The streets of this northern Iraqi city were almost deserted, when a US ambush patrol spotted a suspicious vehicle driving near the blast site.
Tracking the car with their night-vision goggles they waited until the driver was in range and then opened up with a deadly burst of machine-gun fire.
Fifty-three bullets smashed into the BMW, 13 of which entered the driver’s head and torso.
Eyewitnesses reported that 21-year-old Sinan Ibrahim Ismail was seen moving inside his car for several minutes after the attack, but that Iraqi civilians were prevented from providing medical aid by the US patrol which had secured the area.
“When I asked them why this happened, an American told me that ‘this was a terrorist,'” said doctor Ali Tirzi. “But when I saw the car, I told them they were wrong; this was my cousin.”
Iraqi police arrived at the scene and confirmed that Sinan was not the suspect that they were targeting. The US patrol had shot the wrong BMW. Sinan was studying nursing at the local college and he had worked part-time for the previous six months at the US airbase in Kirkuk.
Following the incident, the US military made no attempt to contact the Ismail family. As Sinan’s father had passed away in 1993, the matter of Sinan’s death was taken up by his uncle, Jallil Amen, who approached the Americans on behalf of the family.
“I was told that the matter was under investigation and I would be notified of the final decision,” said Amen. “Three months later, they called and told me to come to their headquarters.”
“Please know that your son was a good man and there is absolutely no evidence that he was working with the anti-coalition forces”
Samuel Schubert, Major, US Army Command Judge Advocate
After being escorted inside the compound, Amen was presented to a United States judge advocate general (JAG) captain who presented him with a letter which read exactly as follows:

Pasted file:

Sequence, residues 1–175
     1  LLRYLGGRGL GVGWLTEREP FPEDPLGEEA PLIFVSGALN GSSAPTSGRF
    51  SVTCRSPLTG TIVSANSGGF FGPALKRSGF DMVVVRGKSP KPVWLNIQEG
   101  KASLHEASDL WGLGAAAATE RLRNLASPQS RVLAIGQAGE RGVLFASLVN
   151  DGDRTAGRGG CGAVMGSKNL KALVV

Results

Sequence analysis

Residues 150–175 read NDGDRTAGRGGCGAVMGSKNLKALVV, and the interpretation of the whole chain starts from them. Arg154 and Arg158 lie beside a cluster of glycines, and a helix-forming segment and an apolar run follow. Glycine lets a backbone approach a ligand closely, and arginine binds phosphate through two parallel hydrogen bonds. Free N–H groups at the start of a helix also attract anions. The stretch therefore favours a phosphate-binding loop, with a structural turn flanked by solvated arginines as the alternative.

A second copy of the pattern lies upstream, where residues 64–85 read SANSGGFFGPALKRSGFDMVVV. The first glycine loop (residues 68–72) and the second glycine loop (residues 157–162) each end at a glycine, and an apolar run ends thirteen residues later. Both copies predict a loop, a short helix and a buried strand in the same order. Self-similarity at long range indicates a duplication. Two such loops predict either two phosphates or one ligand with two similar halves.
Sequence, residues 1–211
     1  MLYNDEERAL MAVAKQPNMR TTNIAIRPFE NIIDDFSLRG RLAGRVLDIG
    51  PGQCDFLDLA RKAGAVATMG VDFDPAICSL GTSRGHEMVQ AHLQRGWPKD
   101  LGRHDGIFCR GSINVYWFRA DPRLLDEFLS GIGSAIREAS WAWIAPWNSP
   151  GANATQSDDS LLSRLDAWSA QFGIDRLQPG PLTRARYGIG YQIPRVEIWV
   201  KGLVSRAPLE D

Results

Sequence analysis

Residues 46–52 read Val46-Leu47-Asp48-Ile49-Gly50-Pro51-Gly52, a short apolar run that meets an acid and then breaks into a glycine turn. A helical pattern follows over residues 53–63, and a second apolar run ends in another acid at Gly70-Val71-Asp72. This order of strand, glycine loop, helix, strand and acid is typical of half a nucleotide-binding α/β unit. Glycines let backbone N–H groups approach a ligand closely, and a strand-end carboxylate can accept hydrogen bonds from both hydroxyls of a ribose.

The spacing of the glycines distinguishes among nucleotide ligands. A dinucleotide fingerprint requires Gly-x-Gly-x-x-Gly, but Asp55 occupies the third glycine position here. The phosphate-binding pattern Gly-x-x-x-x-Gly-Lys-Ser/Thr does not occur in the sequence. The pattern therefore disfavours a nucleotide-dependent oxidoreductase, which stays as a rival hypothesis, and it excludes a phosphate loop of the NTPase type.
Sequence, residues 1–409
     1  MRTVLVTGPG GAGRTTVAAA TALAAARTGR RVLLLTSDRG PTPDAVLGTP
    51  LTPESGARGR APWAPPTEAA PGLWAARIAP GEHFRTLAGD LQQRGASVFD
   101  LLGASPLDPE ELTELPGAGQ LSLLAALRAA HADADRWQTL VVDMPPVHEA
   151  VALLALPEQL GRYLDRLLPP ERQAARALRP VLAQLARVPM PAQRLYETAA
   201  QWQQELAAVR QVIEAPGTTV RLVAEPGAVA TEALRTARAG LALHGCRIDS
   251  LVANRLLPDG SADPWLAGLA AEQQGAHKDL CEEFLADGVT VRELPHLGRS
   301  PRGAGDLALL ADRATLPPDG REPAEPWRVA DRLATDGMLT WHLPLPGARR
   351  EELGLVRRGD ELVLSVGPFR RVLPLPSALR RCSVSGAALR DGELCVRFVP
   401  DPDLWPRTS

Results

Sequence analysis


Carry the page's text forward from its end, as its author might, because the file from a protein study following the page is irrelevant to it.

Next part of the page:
“On behalf of the coalition forces in Kirkuk, Iraq, I want to express my deep sympathy for you and your family for the loss of your son Sinan.
“I know that this is a difficult time for you but please know that your son was a good man and there is absolutely no evidence that he was working with the anti-coalition forces.
“I am sorry that we could not deliver our sentiments in person, but security risks prevent this from being possible. I sincerely hope the best for you and your family in the future.”
The letter was signed, “sincerely” by Samuel Schubert, Major, US Army Command Judge Advocate.
It must be noted that Major Schubert is stationed at the US airbase, five kilometres from the civil administration headquarters where the letter was delivered by his subordinate. Along with this single piece of correspondence emblazoned with the official Department of Defence letterhead, Amen was handed ten $100 bills and a receipt to sign.
“I asked the captain, ‘What’s this money is for?’ The BMW alone was worth $5000,” said Amen. The JAG officer politely explained that the $1000 was not intended as compensation for property damage, but was in essence a grant from the international aid fund.
“He wanted me to know that the US is not legally liable for such mistakes – and that this money I was to receive was not from the American military,” said Amen. “It was offered as a gesture of sympathy.”
As an ethnic Turkmen, Amen can speak passable English, but cannot read anything except Turkish. As none of the US correspondence was translated for his benefit, he did not realise that the “receipt” he signed was in fact a settlement agreement, whereby he waived any rights to take future legal action against the US.
“I was told if I do not sign and take the money, they would not give me the letter,” said Amen.